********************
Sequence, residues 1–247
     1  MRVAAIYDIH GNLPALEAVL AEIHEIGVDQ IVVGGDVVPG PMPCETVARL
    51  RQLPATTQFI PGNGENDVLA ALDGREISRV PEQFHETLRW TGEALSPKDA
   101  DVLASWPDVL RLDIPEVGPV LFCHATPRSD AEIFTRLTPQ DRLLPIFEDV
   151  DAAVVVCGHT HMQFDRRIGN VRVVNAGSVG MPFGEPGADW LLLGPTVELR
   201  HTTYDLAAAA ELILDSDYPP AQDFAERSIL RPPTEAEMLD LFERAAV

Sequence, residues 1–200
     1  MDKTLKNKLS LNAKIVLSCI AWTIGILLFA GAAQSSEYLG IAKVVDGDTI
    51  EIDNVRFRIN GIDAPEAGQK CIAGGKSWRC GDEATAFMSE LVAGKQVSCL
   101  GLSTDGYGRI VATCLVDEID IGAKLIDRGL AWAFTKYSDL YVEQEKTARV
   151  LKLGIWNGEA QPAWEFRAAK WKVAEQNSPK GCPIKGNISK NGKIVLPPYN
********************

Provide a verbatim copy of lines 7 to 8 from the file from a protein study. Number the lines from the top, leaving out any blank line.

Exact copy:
Sequence, residues 1–200
     1  MDKTLKNKLS LNAKIVLSCI AWTIGILLFA GAAQSSEYLG IAKVVDGDTI